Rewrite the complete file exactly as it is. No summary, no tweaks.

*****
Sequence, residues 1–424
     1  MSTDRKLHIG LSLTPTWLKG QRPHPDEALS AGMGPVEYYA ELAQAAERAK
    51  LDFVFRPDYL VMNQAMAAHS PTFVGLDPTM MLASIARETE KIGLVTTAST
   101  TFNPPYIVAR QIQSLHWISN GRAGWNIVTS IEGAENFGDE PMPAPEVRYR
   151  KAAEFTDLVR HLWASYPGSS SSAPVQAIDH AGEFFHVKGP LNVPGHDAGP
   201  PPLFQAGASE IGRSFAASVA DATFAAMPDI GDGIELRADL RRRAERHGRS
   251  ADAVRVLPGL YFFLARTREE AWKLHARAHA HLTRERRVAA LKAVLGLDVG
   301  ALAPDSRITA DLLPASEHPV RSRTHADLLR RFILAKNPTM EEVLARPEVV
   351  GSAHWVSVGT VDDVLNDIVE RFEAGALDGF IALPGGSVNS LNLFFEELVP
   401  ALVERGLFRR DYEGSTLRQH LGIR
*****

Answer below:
Sequence, residues 1–424
     1  MSTDRKLHIG LSLTPTWLKG QRPHPDEALS AGMGPVEYYA ELAQAAERAK
    51  LDFVFRPDYL VMNQAMAAHS PTFVGLDPTM MLASIARETE KIGLVTTAST
   101  TFNPPYIVAR QIQSLHWISN GRAGWNIVTS IEGAENFGDE PMPAPEVRYR
   151  KAAEFTDLVR HLWASYPGSS SSAPVQAIDH AGEFFHVKGP LNVPGHDAGP
   201  PPLFQAGASE IGRSFAASVA DATFAAMPDI GDGIELRADL RRRAERHGRS
   251  ADAVRVLPGL YFFLARTREE AWKLHARAHA HLTRERRVAA LKAVLGLDVG
   301  ALAPDSRITA DLLPASEHPV RSRTHADLLR RFILAKNPTM EEVLARPEVV
   351  GSAHWVSVGT VDDVLNDIVE RFEAGALDGF IALPGGSVNS LNLFFEELVP
   401  ALVERGLFRR DYEGSTLRQH LGIR